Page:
Photo: Palfinger

Austrian player to furnish Aker BP’s new offshore platforms with remotely operated cranes

Norwegian oil and gas company, Aker BP, has inked a deal with Palfinger, an Austrian manufacturer of hydraulic systems, for the provision of remotely operated cranes for its new offshore platforms in Norway.

Palfinger revealed on Monday that it has been awarded a framework agreement to deliver and further develop the technology for remote-controlled cranes, which will enable it to set new standards for offshore cranes together with its partner and client, Aker BP.

The deal, which the Austrian player described as a world first, will enable it to equip Aker BP’s new installations – NOA Fulla and a new process and wellhead platform (NPC)/King Lear – with offshore cranes based on new technology and standardisation to increase the safety level and reduce operating costs.

NOA Fulla; Source: Aker BP
NOA Fulla; Source: Aker BP

The deal between Aker BP and Palfinger is valid for ten years, however, the Norwegian company has an option to extend it even further. The framework agreement covers the development and implementation of remote-controlled cranes as well as the delivery of a total of six electric cranes for four platforms.

Ine Dove, SVP Operations & Asset Development at Aker BP, remarked: “NOA Fulla and NCP/King Lear are major field developments on the Norwegian Continental Shelf. The cranes Palfinger will deliver through the frame agreement represent a very important delivery in our operations strategy where remote work and automation are key drivers.”

According to Palfinger, both NOA Fulla and NCP/King Lear developments are planned with advanced technology standards in terms of equipment.

To remind, Aker BP and Equinor agreed back in June 2020 to jointly develop and operate the licences Krafla, Fulla, and the North of Alvheim (NOAKA) on the Norwegian Continental Shelf, with LOTOS Exploration and Production Norge as a license partner.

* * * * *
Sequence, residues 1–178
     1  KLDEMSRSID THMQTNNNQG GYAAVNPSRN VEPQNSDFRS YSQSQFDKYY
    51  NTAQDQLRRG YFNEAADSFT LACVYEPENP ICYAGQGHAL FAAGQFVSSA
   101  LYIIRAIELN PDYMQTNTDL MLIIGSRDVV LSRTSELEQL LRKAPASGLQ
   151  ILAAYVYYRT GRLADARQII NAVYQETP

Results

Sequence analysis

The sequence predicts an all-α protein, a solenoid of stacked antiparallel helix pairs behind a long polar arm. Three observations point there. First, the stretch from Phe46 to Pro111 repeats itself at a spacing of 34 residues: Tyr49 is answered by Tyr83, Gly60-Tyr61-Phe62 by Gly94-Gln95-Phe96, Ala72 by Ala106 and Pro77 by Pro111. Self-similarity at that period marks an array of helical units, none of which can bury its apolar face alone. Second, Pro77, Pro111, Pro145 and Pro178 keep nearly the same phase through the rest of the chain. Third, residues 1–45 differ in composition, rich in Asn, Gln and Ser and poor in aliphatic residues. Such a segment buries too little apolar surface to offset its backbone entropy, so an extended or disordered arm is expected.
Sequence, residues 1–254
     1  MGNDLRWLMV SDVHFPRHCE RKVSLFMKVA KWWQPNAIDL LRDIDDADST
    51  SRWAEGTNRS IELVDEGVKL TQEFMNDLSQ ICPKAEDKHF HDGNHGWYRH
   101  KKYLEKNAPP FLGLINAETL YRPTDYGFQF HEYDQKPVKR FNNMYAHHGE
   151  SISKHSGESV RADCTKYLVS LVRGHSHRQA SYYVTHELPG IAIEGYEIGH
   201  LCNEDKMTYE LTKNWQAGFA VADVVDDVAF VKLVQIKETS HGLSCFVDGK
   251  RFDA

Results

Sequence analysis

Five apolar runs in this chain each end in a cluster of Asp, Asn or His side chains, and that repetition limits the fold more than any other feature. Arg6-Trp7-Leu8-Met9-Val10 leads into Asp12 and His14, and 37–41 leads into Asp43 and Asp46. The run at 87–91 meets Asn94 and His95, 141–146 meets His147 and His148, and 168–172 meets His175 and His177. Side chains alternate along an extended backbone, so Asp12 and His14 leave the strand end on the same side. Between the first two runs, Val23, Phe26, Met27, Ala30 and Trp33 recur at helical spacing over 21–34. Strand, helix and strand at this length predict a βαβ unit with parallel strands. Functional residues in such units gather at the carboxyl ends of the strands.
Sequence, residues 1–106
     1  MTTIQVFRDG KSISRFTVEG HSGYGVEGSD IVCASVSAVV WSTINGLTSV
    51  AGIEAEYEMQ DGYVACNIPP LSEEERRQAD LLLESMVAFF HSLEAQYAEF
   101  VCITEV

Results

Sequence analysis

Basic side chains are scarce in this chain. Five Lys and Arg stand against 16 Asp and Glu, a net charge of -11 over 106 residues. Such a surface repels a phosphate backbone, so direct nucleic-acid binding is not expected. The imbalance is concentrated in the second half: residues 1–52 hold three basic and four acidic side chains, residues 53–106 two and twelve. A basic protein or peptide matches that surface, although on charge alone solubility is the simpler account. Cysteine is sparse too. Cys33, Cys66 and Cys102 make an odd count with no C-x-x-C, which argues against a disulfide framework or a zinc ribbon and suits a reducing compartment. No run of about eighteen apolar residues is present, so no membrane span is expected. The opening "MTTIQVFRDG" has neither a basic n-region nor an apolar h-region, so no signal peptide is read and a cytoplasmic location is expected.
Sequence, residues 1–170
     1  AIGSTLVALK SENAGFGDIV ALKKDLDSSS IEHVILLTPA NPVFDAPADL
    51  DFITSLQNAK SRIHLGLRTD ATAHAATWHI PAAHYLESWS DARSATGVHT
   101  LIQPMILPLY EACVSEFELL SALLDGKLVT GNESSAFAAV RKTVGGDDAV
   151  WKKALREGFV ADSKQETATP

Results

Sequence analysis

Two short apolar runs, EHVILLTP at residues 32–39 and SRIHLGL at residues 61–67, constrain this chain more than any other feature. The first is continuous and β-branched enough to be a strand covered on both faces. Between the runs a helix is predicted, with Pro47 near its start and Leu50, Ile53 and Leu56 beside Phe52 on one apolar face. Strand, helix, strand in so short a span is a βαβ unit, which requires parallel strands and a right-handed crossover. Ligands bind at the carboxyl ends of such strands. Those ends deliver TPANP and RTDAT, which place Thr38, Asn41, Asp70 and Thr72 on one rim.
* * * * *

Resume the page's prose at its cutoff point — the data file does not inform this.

As previously reported, Aker BP, as the operator, is targeting a final investment decision (FID) for the NOA Fulla field development in the NOAKA area – located between Oseberg and Alvheim in the Norwegian North Sea – in 2022.

Related Article

The NOAKA area holds several oil and gas discoveries with gross recoverable resources estimated at more than 500 million barrels of oil equivalents, with further exploration and appraisal potential. In September 2021, Aker BP awarded the first batch of front-end engineering and design (FEED) contracts – worth nearly $81.3 million – to its alliance partners for the NOA Fulla field development.

Furthermore, the Norwegian player is also planning an FID for the new NPC on Valhall with a tie-in of the King Lear field this year. The concept consists of NPC, which has a bridge connection to the Valhall field centre and an unmanned platform on King Lear around 50 km from the field centre. In addition, a total of 19 wells are planned and the concept also includes considerable modification work on the Valhall field centre.​ Aker BP awarded several FEED contracts for this project in December 2021.

Related Article

Within its statement, Palfinger confirmed it started working on the concept for remote operated offshore cranes (ROOC) together with Aker BP and Optilift in 2017, explaining that the ROOC technology for the new platforms will be based on the work done in the past years as well as the recent deliveries of four offshore cranes to the Valhall IP platform.

As remote operations are an important part of Aker BP’s strategy to reduce risk and exposure of personnel working on their assets as well as optimize operating costs, Palfinger believes that its research and development in this field proved to be decisive.

Andreas Hille, Senior Vice President Product Line Management and Engineering at Palfinger, commented: “Together we are setting new standards providing modular and scalable offshore cranes with integrated remote and autonomous control technologies.”

While the provision of safe and secure working conditions is one of the main drivers for remote and autonomous control, Palfinger further added that the technology is also expected to yield huge cost savings.